If you’re like me, going to the gym is as rare as a monogamous Kardashian couple: it just doesn’t happen. The main reason I don’t go to the gym, though (aside from being a lazy piece of sh*t), is that I’m terribly embarrassed by my lack of athletic ability. Three minutes on a treadmill and I’m heaving over the garbage can. And don’t even try me with weights. I’d be lucky to get five pounds off the ground. And SoulCycle? I nearly crapped my pants doing that. Never again. But, admittedly, I do need some form of physical movement in my life. It’s pretty upsetting that I can’t go up a flight of stairs without feeling faint. I am told that’s like, bad for you?

Basically, I need a workout that won’t make me super short of breath, which led me to yoga. I mean sure, yoga can be hard (especially if you’re sweating all your water weight out in a 94-degree studio), but it doesn’t kill me the same way that a Barry’s Bootcamp class would. Which made me wonder: is it too good to be true? Can I do yoga every day and still get the summer body I’ve been putting off working on since…summer 2014? I spoke to personal trainer and owner of Frame Fitness in Toronto, Melissa Bentivoglio, about whether or not we can trust yoga as a main form of exercise.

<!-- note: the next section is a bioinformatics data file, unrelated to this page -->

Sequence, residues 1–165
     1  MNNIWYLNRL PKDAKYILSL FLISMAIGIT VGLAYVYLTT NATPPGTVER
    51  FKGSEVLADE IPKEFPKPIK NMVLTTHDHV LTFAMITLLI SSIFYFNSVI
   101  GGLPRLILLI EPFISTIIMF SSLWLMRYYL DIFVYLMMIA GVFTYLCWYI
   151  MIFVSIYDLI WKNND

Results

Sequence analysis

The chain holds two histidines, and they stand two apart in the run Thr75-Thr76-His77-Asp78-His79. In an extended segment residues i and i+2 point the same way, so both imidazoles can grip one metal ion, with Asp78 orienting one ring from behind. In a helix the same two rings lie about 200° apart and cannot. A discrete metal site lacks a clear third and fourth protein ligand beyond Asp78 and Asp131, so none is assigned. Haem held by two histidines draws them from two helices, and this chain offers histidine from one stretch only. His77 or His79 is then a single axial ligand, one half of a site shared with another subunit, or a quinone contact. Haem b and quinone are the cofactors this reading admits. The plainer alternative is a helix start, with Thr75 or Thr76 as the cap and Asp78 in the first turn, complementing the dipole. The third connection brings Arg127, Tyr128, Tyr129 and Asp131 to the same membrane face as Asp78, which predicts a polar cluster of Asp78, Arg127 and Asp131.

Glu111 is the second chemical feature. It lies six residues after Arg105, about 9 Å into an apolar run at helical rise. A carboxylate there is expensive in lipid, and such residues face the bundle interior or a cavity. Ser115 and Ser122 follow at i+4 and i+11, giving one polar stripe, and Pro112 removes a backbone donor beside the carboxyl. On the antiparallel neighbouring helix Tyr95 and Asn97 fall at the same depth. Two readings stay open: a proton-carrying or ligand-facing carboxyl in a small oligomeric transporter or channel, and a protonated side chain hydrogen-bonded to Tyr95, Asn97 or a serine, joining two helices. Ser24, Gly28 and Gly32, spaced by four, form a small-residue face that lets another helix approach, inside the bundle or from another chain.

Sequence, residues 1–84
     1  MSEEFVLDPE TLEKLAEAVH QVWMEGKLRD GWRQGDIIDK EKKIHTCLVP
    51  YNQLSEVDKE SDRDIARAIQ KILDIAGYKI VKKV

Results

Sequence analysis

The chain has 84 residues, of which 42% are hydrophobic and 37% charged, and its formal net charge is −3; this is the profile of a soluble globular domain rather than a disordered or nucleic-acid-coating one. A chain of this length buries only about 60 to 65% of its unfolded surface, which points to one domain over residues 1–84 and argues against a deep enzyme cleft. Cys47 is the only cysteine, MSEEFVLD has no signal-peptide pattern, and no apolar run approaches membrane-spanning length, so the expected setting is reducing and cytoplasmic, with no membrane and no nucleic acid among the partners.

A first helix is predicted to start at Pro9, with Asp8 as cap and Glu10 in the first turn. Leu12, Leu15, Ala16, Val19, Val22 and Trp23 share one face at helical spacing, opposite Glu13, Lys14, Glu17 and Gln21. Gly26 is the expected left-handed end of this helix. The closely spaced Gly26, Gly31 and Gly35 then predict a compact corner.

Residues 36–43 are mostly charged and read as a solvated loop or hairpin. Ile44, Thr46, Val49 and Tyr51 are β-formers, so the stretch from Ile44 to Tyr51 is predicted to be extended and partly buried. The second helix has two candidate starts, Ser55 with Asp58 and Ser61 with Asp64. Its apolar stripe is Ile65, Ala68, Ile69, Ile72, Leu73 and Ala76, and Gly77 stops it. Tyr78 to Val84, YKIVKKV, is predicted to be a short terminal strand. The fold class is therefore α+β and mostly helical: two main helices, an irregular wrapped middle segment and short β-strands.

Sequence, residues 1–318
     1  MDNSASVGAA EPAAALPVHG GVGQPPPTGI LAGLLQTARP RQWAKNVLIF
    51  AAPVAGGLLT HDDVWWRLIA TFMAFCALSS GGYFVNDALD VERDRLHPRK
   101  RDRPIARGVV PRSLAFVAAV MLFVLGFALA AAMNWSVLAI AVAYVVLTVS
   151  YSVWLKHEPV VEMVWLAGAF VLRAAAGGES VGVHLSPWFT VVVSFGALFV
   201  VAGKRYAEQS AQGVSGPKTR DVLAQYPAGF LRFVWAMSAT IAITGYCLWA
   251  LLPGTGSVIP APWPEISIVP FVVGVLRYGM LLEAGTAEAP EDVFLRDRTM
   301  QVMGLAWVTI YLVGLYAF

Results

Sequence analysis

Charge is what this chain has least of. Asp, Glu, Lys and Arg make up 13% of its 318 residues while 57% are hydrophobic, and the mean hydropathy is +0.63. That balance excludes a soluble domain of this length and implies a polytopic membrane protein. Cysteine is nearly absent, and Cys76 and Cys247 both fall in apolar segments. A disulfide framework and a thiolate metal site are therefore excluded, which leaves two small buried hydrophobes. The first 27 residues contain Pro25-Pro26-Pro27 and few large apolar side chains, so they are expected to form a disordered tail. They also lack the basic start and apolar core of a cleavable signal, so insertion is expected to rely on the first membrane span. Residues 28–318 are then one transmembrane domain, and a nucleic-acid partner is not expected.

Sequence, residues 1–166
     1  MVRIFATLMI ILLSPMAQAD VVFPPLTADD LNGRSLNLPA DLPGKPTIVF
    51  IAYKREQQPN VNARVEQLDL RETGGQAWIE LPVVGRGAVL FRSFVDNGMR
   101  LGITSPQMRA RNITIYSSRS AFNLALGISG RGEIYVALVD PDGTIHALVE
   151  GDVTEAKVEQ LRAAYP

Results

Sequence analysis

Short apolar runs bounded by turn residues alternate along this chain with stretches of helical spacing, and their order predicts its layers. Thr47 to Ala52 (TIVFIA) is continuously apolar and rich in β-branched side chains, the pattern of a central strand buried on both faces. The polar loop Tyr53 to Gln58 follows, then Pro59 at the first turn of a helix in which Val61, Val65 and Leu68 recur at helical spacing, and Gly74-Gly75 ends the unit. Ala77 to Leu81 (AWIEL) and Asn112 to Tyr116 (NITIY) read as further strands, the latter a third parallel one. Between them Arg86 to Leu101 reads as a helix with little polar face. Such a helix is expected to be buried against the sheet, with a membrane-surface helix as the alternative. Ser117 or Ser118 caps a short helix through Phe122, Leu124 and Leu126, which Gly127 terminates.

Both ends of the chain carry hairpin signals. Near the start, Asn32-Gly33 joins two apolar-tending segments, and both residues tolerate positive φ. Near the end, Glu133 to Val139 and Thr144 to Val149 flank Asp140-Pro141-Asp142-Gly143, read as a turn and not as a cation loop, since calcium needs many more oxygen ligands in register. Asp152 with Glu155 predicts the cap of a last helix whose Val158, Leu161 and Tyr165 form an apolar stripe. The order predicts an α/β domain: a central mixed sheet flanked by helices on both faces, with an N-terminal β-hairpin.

I need a trainer who will understand that I want to be fit without breaking a sweat or being uncomfortable in literally any way

— Betches (@betchesluvthis) September 3, 2019

Is Yoga A Real Workout?

Yes, but it’s not as simple as that. The point of Yoga is to focus your energy on specific tasks, poses, and flows. According to Bentivoglio, different types of Yoga work your body in specific ways. “The forms of Yoga can vary from physically demanding and vigorous Power Yoga to meditative and Restorative Yoga.”

For example, in a Vinyasa class, if it is instructed in a rhythmic, continuous, and intense fashion, Bentivoglio notes, “it can certainly elevate the heart rate to be considered a form of aerobic exercise.” In slower-paced Yoga classes, though, Bentivoglio says, “there could be more focus on holding isometric poses, which focus more on strength building.” These are examples of less traditional cardio workout circuits, but nonetheless, still a form of exercise.

How Can You Make The Most Of Yoga As A Workout?